It is also important to note that other types of skin cancer may have a similar appearance to a cyst but require much more extensive treatment. For this reason, it is important to have any new lump or bump evaluated by your vet. 

Will a Follicular Cyst On a Dog Go Away On Its Own?

A follicular cyst will not go away on its own without surgical removal. Unless the entirety of the cyst is removed, it is likely to recur in the same location. The same is true if a cyst is expressed (popped) or ruptures on its own. 

Can I Treat a Follicular Cyst at Home?

There is no treatment for a follicular cyst at home, however, not all follicular cysts require treatment. If a cyst is not bothering your dog, you may elect to monitor it for any change in size or appearance. It will be important to keep your dog from licking, chewing, or scratching at it. You should not pick at or try to express material from the cyst. If the cyst has become bothersome for you or your dog, it will require surgical removal. 

Do All Follicular Cysts Need Treatments? How to Find out If Your Dog’s Hair Follicle Cyst Needs an Intervention

Cysts are not cancerous, however, they can cause issues for your dog due to size, location, and secondary infection. If a cyst is not infected, too large, or painful for your dog, your vet may just recommend monitoring it. 

If you notice the following, please make an appointment with your vet right away: 

  • Rapid increase in growth 
  • Change in color or appearance 
  • The location of the cyst is affecting your dog’s mobility or other functions
  • Your dog is scratching, licking, or biting at the cyst
  • The cyst appears infected or has ruptured and is oozing blood or pus

Treatment Options & Recovery

If a cyst is bothering you or your dog, the recommended treatment is surgical removal. In most cases, this will be completely curative, although your dog may develop additional cysts elsewhere on their body. If a cyst appears infected, antibiotics will likely be indicated. 

Below is a video showing a procedure to remove a follicular cyst in a dog using electrocautery:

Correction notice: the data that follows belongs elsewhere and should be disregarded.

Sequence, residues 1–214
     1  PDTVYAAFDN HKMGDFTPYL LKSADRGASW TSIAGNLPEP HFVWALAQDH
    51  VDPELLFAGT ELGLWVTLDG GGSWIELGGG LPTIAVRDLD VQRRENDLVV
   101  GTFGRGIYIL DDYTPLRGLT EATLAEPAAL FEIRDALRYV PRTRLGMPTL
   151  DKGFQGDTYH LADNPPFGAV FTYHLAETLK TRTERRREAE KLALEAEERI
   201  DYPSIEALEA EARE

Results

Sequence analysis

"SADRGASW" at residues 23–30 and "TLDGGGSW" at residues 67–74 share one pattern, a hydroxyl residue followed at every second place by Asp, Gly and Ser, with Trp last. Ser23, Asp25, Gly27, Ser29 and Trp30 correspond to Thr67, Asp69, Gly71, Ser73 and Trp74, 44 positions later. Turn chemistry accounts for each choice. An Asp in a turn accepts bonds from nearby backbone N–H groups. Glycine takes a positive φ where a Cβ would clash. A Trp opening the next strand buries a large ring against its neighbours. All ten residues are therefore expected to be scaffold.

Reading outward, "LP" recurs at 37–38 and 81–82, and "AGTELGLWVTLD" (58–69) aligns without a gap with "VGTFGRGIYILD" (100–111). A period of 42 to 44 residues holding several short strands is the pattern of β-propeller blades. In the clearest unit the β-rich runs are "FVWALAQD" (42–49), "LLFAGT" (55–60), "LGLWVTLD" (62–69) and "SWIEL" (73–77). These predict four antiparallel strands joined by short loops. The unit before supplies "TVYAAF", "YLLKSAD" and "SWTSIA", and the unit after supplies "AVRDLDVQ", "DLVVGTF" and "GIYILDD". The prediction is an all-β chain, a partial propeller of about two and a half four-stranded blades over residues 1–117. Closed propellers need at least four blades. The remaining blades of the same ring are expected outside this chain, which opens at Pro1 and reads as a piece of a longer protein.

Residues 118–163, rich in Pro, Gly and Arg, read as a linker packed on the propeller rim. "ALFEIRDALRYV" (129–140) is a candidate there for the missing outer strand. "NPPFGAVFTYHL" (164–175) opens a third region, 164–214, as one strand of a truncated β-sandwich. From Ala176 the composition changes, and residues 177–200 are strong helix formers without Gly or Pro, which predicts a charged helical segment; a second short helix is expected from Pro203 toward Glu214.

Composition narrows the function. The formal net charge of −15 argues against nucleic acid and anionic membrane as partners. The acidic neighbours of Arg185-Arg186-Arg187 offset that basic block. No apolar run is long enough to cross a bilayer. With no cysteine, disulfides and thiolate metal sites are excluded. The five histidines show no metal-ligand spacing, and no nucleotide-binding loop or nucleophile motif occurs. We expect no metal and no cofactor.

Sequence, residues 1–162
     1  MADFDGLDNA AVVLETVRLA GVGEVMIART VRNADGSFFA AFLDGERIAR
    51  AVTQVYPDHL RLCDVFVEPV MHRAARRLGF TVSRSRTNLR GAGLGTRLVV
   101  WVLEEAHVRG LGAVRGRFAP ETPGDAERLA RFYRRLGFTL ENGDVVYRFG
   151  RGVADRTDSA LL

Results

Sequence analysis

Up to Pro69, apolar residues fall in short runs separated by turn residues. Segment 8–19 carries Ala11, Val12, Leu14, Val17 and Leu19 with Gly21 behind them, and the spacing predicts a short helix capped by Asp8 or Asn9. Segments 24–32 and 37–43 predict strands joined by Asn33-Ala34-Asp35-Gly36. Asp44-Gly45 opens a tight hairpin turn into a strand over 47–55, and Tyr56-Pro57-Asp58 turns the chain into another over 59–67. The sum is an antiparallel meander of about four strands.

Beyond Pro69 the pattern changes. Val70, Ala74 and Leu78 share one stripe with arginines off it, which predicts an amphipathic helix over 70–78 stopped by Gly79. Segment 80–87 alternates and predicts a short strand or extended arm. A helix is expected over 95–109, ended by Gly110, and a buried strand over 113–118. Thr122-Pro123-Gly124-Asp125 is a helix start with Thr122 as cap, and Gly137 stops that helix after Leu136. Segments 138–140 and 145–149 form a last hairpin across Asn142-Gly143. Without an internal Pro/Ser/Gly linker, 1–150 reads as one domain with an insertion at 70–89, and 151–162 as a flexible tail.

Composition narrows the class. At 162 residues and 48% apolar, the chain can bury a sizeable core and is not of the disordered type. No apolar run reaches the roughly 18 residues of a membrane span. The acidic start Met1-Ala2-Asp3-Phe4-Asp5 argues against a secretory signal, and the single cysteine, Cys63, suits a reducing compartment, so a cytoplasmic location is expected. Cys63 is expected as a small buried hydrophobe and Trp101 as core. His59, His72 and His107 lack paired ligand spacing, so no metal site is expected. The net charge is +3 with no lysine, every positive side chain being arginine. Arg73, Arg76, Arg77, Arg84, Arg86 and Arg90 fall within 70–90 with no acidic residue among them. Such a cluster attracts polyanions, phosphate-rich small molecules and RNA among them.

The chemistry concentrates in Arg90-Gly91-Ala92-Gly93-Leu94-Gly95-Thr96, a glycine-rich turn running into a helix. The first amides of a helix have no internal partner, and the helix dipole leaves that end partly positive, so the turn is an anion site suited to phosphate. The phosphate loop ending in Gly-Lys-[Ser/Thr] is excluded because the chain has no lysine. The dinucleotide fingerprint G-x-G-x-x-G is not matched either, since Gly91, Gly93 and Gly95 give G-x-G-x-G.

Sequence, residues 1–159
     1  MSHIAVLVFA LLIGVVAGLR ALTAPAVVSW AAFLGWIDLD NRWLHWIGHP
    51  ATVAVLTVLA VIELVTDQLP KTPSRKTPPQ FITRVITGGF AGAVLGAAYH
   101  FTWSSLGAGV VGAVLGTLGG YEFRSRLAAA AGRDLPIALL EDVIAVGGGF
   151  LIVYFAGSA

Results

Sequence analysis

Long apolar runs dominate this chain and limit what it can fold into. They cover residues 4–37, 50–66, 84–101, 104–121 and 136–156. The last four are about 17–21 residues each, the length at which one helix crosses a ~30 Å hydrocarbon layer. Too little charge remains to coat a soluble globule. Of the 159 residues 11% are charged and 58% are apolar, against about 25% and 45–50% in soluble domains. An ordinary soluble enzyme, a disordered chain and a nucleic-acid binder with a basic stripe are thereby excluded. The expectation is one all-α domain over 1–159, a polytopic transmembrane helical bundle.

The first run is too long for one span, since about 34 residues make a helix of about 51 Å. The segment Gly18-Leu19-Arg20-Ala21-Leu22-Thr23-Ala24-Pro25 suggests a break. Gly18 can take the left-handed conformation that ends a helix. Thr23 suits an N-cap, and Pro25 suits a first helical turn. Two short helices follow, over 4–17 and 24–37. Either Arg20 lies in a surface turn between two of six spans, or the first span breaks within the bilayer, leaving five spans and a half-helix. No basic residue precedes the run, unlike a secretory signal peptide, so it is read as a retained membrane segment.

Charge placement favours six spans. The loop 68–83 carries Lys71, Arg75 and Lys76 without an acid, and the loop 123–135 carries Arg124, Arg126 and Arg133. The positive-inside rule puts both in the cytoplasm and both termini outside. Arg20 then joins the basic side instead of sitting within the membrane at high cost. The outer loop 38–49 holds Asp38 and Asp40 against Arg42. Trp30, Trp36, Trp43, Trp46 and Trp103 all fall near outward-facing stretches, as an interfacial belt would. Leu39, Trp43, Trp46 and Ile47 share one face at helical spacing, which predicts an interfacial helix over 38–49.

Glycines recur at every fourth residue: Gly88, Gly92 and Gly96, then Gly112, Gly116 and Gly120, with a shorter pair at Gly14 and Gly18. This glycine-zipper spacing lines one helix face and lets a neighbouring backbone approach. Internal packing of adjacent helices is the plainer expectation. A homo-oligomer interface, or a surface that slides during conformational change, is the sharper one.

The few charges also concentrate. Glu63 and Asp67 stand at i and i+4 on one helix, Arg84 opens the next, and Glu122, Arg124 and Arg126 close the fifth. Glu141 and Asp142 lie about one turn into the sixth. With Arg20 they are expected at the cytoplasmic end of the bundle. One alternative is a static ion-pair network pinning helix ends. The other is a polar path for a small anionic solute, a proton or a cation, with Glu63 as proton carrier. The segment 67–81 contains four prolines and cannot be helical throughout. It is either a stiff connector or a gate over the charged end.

The cost of surgery will depend on the size and location of the cyst, your dog’s overall health, and your location. Small cysts may be able to be removed with sedation and local anesthetic, while larger ones will require anesthesia. Your vet will likely recommend a complete physical exam and bloodwork to evaluate your dog’s health and major organ function before proceeding with surgery, and submission of the mass afterward for histopathology to determine the exact cause and confirm that it has been completely removed. 

After surgery, the incision will need to be kept clean and dry. You may be sent home with pain medications and antibiotics. Your dog will have to wear an E collar and take it easy for approximately 10-14 days until their sutures are removed.  

Can Hair Follicle Cysts be Prevented?

In general, cysts cannot be prevented. The exception may be making sure that any allergies or skin infections are well controlled. If you notice a cyst on your dog, it will be important to prevent them from chewing, licking, or scratching at it. This can lead to additional irritation, ulceration or rupture of the cyst, and infection. 

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  • Dr. Liza Cahn, Veterinarian

    Dr. Liza Cahn is a veterinarian who graduated from Michigan State University’s College of Veterinary Medicine in 2013 with a Doctorate of Veterinary Medicine (DVM). Dr. Cahn has five years of experience working as a veterinarian in small animal practice in Washington and California. She loved working with dogs and cats and educating owners on all aspects of veterinary medicine, especially animal behavior and dermatology. She has since transitioned to remote work to be able to spend more time at home with her husband, two young kids, and two cats, and is thrilled to be able to combine her love for veterinary medicine and passion for writing. Dr. Cahn has an active veterinary license in Washington State.

Disclaimer: This website's content is not a substitute for veterinary care. Always consult with your veterinarian for healthcare decisions. Read More.